Platform for City Culture and Public Debate


Domicide: The Killing of Home

with Ammar Azzouz, Omar Ferwati & Katherine Fortin

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Date: Tuesday 28 May 2024
Time: 20:00 (drinks from 19:30)
Location: Independent School, Delftsestraat 33
Admission: 10,- (regular), €6,- (reduced)
Language: English

In the current Gaza war, as much as 40% of the housing has been damaged or destroyed, with over 1.8 million people internally displaced. The destruction of more than a third of Gaza’s homes is leading international legal experts to raise the concept of “domicide” – the mass destruction of dwellings to make the territory uninhabitable. This concept is increasingly accepted in academia but is not a distinct crime against humanity under international law.

On 28 May we welcome British-Syrian architect and researcher Ammar Azzouz, author of the acclaimed Domicide: Architecture, War, and the Destruction of Home in Syria (2023). In this book, Azzouz draws on the pain inflicted on his hometown of Homs, Syria, offering a blueprint for other urban areas of conflict across the world. From Aleppo to Mosul, Mali to Mariupol, to the ongoing destruction of Gaza, cities have been the epicenter of this type of violence. So what is the impact of domicide on the cultural and social fabric of these societies? What is the psychological and emotional toll on individuals and communities? And how can we prevent or resist domicide and rebuild what has been lost?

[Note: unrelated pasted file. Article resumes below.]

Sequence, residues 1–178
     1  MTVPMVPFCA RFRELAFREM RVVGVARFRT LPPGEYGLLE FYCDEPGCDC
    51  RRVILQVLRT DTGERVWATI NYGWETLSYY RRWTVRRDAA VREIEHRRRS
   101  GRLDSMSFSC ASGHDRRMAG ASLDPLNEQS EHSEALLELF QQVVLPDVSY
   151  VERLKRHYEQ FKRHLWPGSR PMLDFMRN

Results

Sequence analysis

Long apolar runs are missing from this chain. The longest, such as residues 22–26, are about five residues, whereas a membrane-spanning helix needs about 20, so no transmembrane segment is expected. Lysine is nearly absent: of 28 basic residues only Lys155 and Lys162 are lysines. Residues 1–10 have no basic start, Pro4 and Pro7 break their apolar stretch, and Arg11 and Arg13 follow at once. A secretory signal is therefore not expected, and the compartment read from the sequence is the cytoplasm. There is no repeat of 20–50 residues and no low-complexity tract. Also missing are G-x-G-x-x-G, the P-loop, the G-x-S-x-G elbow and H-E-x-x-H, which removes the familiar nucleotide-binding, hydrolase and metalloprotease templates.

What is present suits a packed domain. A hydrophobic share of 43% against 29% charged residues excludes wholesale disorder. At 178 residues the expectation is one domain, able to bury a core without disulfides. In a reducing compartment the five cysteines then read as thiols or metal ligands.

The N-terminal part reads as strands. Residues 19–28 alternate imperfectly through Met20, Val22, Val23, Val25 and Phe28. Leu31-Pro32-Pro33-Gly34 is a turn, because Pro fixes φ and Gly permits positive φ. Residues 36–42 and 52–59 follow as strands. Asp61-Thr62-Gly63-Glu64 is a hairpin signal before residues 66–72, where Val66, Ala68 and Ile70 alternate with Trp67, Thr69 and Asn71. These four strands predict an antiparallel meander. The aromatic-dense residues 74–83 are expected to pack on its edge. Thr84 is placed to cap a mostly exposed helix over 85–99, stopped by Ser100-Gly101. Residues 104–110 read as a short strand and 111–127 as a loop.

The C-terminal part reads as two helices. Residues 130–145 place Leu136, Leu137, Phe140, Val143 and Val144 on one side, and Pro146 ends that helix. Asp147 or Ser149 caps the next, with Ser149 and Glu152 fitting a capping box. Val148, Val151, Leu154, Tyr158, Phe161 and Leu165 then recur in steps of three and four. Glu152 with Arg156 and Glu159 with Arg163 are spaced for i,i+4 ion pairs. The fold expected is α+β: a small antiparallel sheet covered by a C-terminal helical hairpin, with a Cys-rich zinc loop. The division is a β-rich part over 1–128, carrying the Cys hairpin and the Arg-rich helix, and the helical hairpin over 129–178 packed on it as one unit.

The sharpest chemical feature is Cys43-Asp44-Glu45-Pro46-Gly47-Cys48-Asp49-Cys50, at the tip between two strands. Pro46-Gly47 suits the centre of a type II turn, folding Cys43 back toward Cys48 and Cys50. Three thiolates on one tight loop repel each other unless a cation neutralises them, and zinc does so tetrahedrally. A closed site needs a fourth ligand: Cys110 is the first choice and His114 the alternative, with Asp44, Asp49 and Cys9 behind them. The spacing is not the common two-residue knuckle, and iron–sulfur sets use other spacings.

For the subsequent panel discussion, Azzouz will be joined by Omar Ferwati, Head of Research Management at Forensic Architecture, and Katharine Fortin, Associate Professor at the Netherlands Institute of Human Rights, University of Utrecht.


Ammar Azzouz

Ammar Azzouz is a British Academy Research Fellow at University of Oxford. He is the author of Domicide: Architecture, War and the Destruction of Home in Syria (Bloomsbury, 2023). Azzouz is the Principal Investigator of Slow Violence and the City, a research project that examines the impact of violence on the built environment at the time of war and peace. He has written for a wide range of platforms including the New York Times, the Guardian, and the New Statesman. He left Syria in 2011 to escape the war and now lives in London.

Katharine Fortin

Katharine Fortin is an Associate Professor at the Netherlands Institute of Human Rights, University of Utrecht, where she teaches international humanitarian law and international human rights law. She is the Editor in Chief of the Netherlands Quarterly of Human Rights and founder and editor of the Armed Groups and International Law blog. Her book ‘The Accountability of Armed Groups under Human Rights Law’, published by the OUP in August 2017, won the Lieber Prize in 2018.

Omar Ferwati

Omar Ferwati is the Head of Research Management at Forensic Architecture, where he is involved in developing and applying spatial methods for human rights investigations. His investigations have ranged from airstrikes and colonial violence in Palestine to environmental racism in Namibia. His own research is currently about how civilians use architecture to survive urban warfare and other crises. He trained as an architect in Canada and has worked at several architecture practices internationally.

Nuria Ribas Costa

Nuria Ribas Costa is a Spanish Journalist and Jurist based between Rotterdam and Ibiza, her homeland. Formerly at OMA, she currently works as an independent researcher and policy analyst in the fields of urbanism and culture. She is part of urbanism agency Humankind, research group Vigla, the Center for Music Ecosystems and De Dépendance. She is interested in the relationships rural-urban, the politics of space and land and intersectionality in urbanism.

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